Harassment and discrimination should never be tolerated in the workplace, and all workers have the right to be free from experiencing such behavior. However, it is an unfortunate fact that harassment and discrimination continues to occur in the workplace and that workers in some industries are more likely to be targeted than others.
Workers in the service industry (those working in hotels, restaurants, retail stores and in private homes) are particularly vulnerable to workplace harassment. There are several reasons why this may be the case, but none of them make the rights of service industry workers any less than other workers. If you believe that you have become a victim of harassment as a service industry worker, it is important that you gain a good understanding of the legal definition of workplace harassment, as well as what you can do to effectively assert your rights in Missouri.
What is the definition of harassment?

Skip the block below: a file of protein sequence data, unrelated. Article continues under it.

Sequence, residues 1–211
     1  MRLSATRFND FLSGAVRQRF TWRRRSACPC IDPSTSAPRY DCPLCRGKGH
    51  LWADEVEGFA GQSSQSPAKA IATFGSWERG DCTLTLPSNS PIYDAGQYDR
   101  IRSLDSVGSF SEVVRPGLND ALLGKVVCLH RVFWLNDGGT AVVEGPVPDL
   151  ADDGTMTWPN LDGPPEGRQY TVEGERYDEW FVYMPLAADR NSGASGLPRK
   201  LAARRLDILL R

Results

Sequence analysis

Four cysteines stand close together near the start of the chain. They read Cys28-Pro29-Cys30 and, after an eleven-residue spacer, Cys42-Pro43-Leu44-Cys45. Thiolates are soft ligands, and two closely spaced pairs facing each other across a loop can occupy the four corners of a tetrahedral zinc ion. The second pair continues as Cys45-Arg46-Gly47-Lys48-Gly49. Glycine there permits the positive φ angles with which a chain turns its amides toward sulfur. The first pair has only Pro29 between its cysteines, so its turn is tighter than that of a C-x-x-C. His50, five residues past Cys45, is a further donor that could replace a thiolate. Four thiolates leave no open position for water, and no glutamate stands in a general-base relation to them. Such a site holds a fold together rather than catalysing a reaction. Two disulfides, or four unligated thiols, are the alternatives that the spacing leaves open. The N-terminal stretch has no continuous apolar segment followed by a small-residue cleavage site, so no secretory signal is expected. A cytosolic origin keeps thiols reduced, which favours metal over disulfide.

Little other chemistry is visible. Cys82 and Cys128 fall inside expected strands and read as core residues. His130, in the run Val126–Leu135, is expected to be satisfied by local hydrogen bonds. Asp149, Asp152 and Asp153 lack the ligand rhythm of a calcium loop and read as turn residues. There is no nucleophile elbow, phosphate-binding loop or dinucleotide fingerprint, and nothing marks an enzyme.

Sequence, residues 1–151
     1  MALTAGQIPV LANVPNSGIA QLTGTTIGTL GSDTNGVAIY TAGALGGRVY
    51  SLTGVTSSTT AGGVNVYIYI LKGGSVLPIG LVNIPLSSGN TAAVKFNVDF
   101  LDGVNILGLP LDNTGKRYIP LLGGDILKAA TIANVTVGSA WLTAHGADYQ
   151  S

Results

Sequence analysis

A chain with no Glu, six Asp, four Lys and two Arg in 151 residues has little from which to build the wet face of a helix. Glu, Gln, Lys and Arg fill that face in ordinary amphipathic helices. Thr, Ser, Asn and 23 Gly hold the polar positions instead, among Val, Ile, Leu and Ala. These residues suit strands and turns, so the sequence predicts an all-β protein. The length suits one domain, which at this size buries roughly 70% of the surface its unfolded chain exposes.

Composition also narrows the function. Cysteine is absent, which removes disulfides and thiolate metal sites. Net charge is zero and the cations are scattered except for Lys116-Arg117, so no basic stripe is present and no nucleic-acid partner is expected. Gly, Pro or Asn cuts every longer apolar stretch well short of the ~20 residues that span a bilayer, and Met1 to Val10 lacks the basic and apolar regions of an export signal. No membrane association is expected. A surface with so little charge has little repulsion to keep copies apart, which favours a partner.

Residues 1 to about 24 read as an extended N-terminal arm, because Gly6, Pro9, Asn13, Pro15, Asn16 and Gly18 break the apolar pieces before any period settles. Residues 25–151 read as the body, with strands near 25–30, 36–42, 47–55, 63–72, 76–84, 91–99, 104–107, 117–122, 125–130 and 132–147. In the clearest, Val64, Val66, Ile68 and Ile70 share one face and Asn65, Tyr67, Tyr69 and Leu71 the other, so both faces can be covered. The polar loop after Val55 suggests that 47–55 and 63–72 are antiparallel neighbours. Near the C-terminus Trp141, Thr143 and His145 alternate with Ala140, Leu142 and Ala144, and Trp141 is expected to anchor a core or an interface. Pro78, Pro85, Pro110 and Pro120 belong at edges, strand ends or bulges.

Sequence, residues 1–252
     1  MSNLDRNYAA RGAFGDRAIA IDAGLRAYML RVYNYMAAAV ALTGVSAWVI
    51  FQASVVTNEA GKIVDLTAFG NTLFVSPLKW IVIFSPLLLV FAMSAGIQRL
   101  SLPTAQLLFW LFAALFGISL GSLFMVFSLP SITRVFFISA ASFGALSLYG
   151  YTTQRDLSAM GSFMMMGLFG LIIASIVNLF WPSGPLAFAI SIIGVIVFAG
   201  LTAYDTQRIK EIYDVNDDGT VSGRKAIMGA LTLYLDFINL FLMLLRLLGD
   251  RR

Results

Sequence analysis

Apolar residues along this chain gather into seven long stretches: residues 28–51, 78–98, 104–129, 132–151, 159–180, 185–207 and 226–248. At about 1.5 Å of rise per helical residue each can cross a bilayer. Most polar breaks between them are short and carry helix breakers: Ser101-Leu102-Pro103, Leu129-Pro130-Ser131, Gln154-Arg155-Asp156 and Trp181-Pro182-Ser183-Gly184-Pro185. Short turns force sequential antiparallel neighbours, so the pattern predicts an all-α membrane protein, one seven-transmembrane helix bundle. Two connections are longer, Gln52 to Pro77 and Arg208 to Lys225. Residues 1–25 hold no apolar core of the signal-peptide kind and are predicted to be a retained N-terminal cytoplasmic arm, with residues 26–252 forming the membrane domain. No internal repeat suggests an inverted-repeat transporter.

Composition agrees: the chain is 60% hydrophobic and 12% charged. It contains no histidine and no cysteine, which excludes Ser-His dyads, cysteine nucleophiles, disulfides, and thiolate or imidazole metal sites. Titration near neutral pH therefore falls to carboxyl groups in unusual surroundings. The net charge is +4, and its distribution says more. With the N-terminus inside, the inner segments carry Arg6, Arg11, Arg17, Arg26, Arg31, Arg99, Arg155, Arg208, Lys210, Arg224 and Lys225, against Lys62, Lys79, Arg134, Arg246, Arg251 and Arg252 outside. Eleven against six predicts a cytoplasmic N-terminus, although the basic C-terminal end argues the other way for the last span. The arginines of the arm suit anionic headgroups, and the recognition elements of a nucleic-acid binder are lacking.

Harassment is defined as any unwelcome or unwanted behavior that is intimidating, offensive or humiliating. It may occur once or happen multiple times. In a legal case, the victim may need to show that the behavior was severe enough to create a hostile environment in the workplace. This essentially means that the victim felt uncomfortable or embarrassed at work because of the behavior.
Why are service industry workers disproportionately affected?
There are many reasons why service industry workers are disproportionately affected. First, it’s likely that the workers are not protected by a thorough complaints procedure, so they may feel unable to make a complaint without fearing for their job. They may also be unaware of their legal right to make a complaint without being subject to retaliation. In addition, things like overtime, preferred hours and other perks might be handed out more informally than in other industries. This informality can serve as a disincentive to “make waves” by asserting your legal rights.
What can I do to assert my rights?
If you believe that you have been subject to harassment or discrimination in the workplace, you should start by making a formal written complaint. If your employer does not take satisfactory action, you may want to file a complaint with the Equal Employment Opportunity Commission (EEOC) or consider taking legal action.
It is important that you are aware of your right to be free from harassment at work. Make sure that you never tolerate behavior that intimidates you or negatively affects your experience at work.